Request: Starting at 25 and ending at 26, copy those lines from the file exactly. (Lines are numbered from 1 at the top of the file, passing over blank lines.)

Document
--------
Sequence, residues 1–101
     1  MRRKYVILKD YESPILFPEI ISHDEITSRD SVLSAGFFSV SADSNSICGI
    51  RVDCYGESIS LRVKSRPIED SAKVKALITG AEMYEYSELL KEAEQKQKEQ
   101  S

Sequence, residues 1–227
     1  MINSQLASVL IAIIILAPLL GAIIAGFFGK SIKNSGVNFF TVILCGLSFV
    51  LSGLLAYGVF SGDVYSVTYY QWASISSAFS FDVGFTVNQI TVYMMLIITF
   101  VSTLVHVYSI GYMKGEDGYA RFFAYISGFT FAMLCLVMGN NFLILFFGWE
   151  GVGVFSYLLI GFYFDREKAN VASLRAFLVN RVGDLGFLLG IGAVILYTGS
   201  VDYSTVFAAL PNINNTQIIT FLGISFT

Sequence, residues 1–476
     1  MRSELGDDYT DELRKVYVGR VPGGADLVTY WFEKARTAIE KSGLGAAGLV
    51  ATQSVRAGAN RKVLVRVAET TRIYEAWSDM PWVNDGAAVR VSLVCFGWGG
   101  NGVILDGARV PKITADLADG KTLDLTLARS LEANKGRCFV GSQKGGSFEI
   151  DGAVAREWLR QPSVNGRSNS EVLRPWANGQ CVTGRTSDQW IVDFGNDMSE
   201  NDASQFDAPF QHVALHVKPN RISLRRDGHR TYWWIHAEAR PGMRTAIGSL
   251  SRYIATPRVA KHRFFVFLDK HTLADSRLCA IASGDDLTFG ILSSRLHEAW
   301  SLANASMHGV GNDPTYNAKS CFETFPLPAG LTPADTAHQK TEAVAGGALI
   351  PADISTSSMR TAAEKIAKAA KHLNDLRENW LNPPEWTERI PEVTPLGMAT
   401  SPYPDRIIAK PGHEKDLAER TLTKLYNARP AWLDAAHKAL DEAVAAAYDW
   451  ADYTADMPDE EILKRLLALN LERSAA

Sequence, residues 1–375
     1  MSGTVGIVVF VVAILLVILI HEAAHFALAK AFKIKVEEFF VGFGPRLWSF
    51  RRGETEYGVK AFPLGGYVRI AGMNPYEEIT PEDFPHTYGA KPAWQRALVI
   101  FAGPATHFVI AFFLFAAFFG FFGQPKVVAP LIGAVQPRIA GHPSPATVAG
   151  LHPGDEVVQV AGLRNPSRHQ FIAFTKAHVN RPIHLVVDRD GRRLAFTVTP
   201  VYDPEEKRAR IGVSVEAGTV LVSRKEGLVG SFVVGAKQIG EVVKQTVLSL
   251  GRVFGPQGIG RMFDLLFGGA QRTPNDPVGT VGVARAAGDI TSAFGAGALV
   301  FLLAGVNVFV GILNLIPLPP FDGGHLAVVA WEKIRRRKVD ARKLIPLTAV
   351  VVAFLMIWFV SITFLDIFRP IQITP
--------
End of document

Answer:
   101  FAGPATHFVI AFFLFAAFFG FFGQPKVVAP LIGAVQPRIA GHPSPATVAG
   151  LHPGDEVVQV AGLRNPSRHQ FIAFTKAHVN RPIHLVVDRD GRRLAFTVTP